T. Boone Pickens, whose first book "The First Billion Is the Hardest" is a best seller, says his hedge funds are down $1 billion for the year.
"It's my toughest run in 10 years," the Oklahoma State alumnus told the Wall Street Journal.
This being the era of trickle-down economics, there is considerable concern in Stillwater. University spokesman Gary Shutt said Wednesday that work on the $180 million renovation of Boone Pickens Stadium will continue. But last month, athletic director Mike Holder announced that the building of a new football practice facility would be delayed.
Pickens, the most powerful booster in college athletics, has been involved in several controversial moves involving Oklahoma State. He donated $165 million to the university on Dec. 30, 2005, in an apparent move to avoid taxes. The New York Times later reported that the money spent less than an hour in a university charity account before it was transferred to a hedge fund that is controlled by Pickens.
"Sadly, it's another case of a rich man manipulating charity for his own benefit," attorney and former IRS agent Marcus Owens told the Times.
Then there was the "Gift of a Lifetime," which critics labeled a "Death Pool." Twenty-eight individuals in age from 65 to 85 were selected. They were under no financial obligation and only needed to pass a physical exam. OSU Athletics, Inc. took out a $20 million loan to pay insurance premiums, and each time an individual in the program dies, Oklahoma State is set to be paid $10 million. When all 28 have died, Oklahoma State will have been paid $280 million.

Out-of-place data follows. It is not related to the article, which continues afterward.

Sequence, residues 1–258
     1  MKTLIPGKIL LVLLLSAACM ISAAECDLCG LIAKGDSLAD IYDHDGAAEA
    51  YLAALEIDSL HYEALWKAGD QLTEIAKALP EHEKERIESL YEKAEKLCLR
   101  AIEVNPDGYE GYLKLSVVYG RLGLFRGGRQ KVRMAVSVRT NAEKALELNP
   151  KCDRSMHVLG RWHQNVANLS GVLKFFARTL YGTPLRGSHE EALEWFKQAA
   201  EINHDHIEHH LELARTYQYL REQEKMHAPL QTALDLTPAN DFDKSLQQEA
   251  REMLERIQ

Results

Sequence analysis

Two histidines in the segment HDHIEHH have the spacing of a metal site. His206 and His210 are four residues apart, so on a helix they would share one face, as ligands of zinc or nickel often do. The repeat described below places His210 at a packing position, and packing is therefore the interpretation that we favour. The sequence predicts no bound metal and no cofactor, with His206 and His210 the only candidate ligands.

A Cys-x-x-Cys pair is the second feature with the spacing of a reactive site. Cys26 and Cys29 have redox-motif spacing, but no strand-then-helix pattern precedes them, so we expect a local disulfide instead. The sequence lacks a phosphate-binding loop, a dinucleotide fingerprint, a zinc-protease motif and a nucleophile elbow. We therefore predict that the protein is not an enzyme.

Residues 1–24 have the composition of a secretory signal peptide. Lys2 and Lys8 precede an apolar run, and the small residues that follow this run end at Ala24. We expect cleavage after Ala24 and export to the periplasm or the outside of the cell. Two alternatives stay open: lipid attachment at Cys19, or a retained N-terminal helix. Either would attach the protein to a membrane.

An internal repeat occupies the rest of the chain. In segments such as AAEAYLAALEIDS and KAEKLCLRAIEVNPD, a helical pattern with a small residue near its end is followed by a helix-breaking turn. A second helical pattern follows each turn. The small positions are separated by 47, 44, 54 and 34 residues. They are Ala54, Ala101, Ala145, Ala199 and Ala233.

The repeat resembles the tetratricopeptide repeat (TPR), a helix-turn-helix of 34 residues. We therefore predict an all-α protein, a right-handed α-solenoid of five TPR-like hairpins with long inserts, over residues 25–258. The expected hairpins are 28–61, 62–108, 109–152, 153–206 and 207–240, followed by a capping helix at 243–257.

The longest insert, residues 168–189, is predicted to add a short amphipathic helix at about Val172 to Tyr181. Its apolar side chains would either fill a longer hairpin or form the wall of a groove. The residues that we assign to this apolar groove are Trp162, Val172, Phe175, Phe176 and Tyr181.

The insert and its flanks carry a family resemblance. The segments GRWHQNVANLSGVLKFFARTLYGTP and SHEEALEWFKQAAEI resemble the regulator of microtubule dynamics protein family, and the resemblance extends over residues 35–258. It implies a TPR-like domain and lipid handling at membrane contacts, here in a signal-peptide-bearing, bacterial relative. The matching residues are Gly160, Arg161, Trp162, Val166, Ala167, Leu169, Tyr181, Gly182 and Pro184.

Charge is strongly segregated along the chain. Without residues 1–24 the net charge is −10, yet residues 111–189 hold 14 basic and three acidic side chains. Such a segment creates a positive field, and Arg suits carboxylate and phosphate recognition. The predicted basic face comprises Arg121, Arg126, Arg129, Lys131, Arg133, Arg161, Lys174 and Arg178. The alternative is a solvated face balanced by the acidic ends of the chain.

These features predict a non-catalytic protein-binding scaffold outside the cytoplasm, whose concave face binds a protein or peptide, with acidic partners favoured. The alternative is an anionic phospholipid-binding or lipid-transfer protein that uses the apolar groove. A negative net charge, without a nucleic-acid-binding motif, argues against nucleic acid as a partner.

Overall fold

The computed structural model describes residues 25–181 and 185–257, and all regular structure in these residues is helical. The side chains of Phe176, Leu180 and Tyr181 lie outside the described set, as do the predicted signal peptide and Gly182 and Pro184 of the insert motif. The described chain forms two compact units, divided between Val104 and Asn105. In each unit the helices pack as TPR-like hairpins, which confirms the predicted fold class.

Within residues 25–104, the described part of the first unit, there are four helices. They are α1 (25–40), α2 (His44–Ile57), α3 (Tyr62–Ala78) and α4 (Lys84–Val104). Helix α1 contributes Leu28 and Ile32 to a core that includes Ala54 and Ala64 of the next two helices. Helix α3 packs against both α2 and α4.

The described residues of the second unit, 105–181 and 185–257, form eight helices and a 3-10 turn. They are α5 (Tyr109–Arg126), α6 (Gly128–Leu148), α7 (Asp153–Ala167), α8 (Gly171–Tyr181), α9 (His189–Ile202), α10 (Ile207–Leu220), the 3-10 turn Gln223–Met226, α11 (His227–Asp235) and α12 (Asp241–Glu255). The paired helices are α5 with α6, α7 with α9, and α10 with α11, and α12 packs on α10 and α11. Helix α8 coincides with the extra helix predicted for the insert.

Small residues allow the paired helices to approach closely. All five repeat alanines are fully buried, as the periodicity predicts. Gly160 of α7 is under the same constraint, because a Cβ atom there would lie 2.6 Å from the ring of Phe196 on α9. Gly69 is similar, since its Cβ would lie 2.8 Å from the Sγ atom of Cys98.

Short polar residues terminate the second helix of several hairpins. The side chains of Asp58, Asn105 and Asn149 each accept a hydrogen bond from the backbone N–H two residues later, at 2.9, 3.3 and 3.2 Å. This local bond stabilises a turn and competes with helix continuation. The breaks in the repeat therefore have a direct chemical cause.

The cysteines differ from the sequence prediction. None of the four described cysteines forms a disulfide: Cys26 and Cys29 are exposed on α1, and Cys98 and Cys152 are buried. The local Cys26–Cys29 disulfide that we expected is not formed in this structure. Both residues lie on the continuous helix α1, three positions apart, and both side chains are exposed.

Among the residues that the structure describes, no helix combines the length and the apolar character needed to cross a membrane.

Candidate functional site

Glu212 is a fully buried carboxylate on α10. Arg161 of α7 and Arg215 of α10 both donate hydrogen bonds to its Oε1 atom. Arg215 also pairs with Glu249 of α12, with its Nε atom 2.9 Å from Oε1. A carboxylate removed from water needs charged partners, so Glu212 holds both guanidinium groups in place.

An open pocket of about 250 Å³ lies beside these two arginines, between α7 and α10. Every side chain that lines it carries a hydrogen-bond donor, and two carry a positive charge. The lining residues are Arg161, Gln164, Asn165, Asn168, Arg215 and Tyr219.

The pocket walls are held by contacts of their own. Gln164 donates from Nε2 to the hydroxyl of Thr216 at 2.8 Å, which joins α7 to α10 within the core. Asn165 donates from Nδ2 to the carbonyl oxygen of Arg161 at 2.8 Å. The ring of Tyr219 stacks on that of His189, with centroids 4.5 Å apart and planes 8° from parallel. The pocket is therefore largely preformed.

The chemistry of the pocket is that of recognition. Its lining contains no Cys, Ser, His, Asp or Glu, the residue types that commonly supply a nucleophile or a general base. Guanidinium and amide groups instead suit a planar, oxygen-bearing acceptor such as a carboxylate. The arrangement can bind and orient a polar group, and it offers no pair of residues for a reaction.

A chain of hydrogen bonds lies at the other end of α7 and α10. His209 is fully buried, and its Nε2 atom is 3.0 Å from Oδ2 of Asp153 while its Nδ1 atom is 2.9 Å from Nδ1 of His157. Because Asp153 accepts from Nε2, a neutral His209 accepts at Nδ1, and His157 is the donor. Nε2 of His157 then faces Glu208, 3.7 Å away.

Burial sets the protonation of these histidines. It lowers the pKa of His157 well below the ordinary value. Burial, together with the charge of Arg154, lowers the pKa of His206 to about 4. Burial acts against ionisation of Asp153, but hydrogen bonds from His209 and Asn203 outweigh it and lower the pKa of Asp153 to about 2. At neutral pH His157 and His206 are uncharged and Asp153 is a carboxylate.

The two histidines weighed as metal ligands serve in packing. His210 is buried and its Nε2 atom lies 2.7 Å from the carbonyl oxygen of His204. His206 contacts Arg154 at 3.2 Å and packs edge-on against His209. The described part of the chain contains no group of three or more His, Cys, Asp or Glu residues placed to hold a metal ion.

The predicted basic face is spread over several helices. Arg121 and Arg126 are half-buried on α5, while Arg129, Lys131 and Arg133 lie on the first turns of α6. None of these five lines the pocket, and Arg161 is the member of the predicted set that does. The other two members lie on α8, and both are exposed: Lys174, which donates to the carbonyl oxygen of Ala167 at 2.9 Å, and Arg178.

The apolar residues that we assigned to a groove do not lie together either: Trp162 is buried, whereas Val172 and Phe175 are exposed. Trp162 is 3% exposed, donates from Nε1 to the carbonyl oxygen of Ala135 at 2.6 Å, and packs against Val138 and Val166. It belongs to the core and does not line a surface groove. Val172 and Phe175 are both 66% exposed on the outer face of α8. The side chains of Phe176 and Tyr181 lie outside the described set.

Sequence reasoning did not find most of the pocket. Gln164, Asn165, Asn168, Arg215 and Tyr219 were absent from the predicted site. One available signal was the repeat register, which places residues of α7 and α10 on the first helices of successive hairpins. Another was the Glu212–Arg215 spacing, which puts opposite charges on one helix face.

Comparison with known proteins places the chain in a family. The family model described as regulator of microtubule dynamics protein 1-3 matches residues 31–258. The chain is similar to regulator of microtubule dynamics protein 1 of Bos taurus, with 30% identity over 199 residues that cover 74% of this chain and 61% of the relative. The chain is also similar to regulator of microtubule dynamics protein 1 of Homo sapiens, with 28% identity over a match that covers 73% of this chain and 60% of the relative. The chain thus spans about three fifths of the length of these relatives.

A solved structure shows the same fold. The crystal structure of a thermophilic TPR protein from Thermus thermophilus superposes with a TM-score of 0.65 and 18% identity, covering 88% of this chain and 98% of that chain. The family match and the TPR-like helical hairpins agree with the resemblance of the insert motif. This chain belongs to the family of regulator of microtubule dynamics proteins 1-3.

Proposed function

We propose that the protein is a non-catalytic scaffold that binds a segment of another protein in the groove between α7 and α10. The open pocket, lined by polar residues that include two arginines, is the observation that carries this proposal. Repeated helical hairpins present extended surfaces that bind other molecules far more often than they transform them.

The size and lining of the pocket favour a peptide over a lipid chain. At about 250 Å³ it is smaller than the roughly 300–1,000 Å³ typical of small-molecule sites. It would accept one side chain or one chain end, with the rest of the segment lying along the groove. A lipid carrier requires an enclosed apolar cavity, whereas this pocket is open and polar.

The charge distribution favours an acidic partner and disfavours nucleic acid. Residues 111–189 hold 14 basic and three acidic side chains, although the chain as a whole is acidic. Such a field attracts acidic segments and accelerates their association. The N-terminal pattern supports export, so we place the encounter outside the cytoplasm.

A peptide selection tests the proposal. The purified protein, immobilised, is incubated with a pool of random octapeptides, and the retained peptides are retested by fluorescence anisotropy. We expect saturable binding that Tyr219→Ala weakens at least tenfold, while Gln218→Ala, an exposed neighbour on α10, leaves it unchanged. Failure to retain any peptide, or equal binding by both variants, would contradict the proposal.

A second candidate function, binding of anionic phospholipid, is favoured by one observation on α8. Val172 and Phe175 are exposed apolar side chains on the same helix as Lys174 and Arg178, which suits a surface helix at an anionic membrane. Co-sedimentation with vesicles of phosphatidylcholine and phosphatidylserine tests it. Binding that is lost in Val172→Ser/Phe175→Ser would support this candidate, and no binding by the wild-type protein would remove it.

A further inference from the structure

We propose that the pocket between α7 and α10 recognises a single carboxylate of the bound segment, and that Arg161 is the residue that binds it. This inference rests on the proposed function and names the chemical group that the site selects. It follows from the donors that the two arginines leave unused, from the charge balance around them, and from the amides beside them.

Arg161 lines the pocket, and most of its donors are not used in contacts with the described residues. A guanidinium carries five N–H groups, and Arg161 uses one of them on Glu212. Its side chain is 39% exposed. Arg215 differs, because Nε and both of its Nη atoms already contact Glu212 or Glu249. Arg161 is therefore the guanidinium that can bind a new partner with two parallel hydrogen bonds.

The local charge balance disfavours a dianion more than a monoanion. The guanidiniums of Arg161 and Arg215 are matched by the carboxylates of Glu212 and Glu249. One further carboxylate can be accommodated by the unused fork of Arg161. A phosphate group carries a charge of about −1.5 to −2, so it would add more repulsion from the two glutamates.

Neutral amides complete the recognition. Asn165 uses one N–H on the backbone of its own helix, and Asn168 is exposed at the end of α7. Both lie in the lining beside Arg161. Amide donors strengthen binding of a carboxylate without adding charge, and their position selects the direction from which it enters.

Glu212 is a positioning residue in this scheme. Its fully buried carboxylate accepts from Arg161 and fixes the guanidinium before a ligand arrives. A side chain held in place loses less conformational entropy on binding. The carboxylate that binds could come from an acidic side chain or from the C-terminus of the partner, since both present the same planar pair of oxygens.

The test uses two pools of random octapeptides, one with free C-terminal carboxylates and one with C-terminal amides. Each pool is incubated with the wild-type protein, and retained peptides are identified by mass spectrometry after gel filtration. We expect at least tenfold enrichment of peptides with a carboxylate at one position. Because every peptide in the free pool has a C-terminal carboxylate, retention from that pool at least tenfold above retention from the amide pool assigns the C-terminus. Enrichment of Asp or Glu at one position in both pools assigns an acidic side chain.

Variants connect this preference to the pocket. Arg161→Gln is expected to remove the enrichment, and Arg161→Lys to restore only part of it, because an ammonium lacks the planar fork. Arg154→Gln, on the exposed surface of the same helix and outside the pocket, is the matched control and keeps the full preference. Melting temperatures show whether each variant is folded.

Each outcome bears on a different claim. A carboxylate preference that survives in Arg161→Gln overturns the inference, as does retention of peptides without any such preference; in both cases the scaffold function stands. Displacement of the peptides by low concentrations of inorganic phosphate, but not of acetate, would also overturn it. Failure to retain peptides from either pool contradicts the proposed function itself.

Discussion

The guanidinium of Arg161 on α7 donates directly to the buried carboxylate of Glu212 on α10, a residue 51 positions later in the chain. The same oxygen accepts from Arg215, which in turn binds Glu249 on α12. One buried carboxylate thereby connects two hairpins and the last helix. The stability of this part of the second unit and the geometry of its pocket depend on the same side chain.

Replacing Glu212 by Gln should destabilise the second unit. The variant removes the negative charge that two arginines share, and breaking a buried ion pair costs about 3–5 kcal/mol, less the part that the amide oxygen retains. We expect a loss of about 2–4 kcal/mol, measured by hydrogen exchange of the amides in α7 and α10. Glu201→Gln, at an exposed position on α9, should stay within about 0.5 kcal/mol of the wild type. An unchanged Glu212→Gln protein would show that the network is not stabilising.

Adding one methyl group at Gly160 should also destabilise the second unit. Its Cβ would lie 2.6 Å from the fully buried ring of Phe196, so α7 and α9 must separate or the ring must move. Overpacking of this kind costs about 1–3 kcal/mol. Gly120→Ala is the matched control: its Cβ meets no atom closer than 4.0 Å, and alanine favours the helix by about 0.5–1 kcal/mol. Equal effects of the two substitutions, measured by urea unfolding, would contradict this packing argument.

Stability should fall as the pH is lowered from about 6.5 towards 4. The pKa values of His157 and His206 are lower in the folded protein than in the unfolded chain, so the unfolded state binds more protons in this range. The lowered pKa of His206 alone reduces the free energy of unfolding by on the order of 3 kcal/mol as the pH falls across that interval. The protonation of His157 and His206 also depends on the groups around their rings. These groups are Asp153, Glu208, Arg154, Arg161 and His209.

Pickens said he got the idea from churches that were generating revenue from life insurance policies purchased for aging members.
And don't forget the eminent domain case brought by Oklahoma State against 87 property owners just north of campus. The university, using Pickens' bankroll, demanded the properties because it wanted to build an athletic village. The big guys won, of course, and work continues to prepare the 80-acre site for the village.